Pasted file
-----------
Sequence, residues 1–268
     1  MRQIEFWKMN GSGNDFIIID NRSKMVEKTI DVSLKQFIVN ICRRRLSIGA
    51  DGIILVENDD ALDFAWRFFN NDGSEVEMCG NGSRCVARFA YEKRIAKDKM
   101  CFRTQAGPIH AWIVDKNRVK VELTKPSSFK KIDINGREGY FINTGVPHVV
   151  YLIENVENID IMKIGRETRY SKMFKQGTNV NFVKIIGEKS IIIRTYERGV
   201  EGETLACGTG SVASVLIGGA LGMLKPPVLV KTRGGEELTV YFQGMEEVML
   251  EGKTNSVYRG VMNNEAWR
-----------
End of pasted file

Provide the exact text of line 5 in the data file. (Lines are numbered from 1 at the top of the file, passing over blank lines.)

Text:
   151  YLIENVENID IMKIGRETRY SKMFKQGTNV NFVKIIGEKS IIIRTYERGV